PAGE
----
Friday, April 12, 2013

TREAT TWITTER LIKE A COCKTAIL PARTY

I never thought I'd be a user, much less a fan, of Twitter, but after a few trusted friends encouraged me to do so, I hopped on the bandwagon a little more than 3 years ago. 

It's been a really great ride so far:  I've found work projects; forged connections that evolved into real-time friendships and collaborations; and discovered info about amazing arts and culture events in NY.  I'll never forget riding up to Asphalt Green to join hundreds of other New Yorkers welcome home Brooklyn Olympic medalist Lia Neal from London.  How did I find out about this awesome event? Through Twitter!

Every single day, I feel like I've won the jackpot in terms of  the huge dose of inspiration I receive from seeing all the amazing things that people are doing and thinking about out there.

I thank my fellow/sister Twitterers for this gift, and offer you some of my own thoughts about being a presence on Twitter:

* Do treat Twitter like a cocktail party.  Don't spend the whole time talking about yourself.  Do shine the light on other people.  See what they've been up to; make connections between other guests at the party.  Follow Friday is a nice opportunity to do that.

* Don't treat Twitter like a bullhorn.  It's fine to share your thoughts, projects, photos, etc.  But no one wants to be bombarded with constant announcements about you, your product, your service, your articles, etc.   

* Do pick themes for Follow Friday. I'll do ones like "All Things Theater" and "Literary Delights".  It lends cohesiveness to your tweets, shows what you are committed to, and lets people who do similar types of things see and connect to each other.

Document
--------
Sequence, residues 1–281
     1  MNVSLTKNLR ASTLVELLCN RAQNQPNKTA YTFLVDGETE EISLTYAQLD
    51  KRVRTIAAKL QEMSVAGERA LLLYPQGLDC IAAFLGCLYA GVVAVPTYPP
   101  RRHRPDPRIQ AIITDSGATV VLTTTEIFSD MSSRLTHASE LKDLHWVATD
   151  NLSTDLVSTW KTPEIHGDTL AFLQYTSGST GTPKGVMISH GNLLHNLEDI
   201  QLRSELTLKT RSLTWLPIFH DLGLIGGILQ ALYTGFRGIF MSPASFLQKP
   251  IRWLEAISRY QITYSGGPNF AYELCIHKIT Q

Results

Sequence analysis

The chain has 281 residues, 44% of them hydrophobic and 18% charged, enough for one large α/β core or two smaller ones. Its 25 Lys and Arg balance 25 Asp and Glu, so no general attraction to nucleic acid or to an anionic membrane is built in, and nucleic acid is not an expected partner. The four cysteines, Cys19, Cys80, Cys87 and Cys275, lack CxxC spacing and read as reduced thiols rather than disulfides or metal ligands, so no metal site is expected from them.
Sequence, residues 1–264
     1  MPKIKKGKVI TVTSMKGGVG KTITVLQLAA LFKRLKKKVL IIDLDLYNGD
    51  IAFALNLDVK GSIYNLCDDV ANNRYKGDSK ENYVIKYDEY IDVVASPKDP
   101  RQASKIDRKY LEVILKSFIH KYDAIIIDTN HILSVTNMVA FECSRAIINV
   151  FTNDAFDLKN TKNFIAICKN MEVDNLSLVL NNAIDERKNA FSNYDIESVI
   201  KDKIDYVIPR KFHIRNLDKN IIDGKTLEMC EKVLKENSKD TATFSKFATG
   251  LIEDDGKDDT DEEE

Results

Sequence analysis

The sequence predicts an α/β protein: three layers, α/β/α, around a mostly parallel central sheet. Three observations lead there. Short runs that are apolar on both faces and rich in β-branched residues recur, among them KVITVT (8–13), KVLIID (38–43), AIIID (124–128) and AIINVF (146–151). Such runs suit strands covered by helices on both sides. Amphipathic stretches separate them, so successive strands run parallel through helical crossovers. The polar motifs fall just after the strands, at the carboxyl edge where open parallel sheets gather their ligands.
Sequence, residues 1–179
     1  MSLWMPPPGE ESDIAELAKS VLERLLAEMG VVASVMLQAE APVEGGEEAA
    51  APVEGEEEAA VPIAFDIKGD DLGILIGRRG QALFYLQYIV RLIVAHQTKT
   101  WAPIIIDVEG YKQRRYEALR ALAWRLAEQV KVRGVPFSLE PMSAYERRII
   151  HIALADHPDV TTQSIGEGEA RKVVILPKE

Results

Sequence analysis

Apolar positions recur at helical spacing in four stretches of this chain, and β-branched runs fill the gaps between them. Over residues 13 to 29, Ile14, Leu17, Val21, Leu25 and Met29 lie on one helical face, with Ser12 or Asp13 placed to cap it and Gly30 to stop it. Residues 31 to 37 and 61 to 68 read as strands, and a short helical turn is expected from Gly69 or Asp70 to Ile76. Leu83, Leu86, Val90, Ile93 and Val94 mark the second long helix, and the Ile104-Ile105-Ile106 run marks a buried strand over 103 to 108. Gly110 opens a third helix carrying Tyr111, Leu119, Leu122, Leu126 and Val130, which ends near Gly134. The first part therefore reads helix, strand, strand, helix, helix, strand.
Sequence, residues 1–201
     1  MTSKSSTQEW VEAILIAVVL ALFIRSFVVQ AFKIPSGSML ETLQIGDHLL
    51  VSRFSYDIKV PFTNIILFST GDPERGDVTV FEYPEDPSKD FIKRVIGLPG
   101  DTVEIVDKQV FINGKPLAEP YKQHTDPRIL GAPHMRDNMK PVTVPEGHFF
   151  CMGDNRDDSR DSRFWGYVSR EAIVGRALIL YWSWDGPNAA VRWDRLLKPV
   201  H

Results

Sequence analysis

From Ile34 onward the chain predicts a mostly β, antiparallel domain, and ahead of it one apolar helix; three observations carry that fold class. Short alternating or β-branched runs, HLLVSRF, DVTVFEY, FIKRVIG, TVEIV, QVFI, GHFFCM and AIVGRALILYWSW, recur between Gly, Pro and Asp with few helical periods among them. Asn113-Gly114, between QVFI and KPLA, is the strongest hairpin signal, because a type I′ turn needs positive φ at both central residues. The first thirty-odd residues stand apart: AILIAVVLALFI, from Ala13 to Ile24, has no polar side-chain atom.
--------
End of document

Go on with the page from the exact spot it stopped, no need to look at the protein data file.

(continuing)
* Do show thanks or a friendly acknowledgement of some kind when you are mentioned in someone's Follow Friday tweet. 

* Do have your Twitter account at the ready when you read magazines, newspapers, and online publications.  Every Thursday, when I read the NY Times arts, business, and style sections, I add interesting-sounding people mentioned in articles to my account and often give them a shout-out along the lines of "Enjoyed the piece about you in today's @NYTimes !  Congrats!"  Doing so has led to some great online and offline connections.

* Don't be a clique-y tweeter; that is - don't just follow or send tweets to people in your world, whether it's the world of dance, politics, baseball, or sock monkey collecting.  Twitter is a great place to branch out, make new friends from all walks of life, and find out what people are doing in all corners of the earth. 

* Do show appreciation for people and places that have moved, inspired, or served you well.  Recently, I tweeted a thanks to the people, a restaurant, and cultural institutions that helped make my parents' visit from CA to NY a special one.  People love to be spotlighted for what they do best.

* Don't send a lot of cryptic tweets that come across as inside jokes or as messages designated for one or two people.  Doing so makes other guests at the Twitter party feel left out, annoyed, and confused.

* Do write Tweets using a variety of tones - light and playful, funny, serious, thoughtful, spontaneous.

 *Don't be a "one-note" Tweeter.  For example: No one wants to read tweet after tweet with links to articles about how the world is going to hell in a hand basket.

I hope you find these tips helpful.  What are your Twitter Tips?
Post a Comment